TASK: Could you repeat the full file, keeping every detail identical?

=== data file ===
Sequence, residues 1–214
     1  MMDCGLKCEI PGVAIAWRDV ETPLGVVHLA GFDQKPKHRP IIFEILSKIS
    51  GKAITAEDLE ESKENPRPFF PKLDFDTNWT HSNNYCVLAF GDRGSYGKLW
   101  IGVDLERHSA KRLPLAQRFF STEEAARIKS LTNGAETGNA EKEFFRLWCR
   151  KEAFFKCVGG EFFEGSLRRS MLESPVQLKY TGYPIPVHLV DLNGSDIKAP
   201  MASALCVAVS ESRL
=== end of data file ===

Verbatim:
Sequence, residues 1–214
     1  MMDCGLKCEI PGVAIAWRDV ETPLGVVHLA GFDQKPKHRP IIFEILSKIS
    51  GKAITAEDLE ESKENPRPFF PKLDFDTNWT HSNNYCVLAF GDRGSYGKLW
   101  IGVDLERHSA KRLPLAQRFF STEEAARIKS LTNGAETGNA EKEFFRLWCR
   151  KEAFFKCVGG EFFEGSLRRS MLESPVQLKY TGYPIPVHLV DLNGSDIKAP
   201  MASALCVAVS ESRL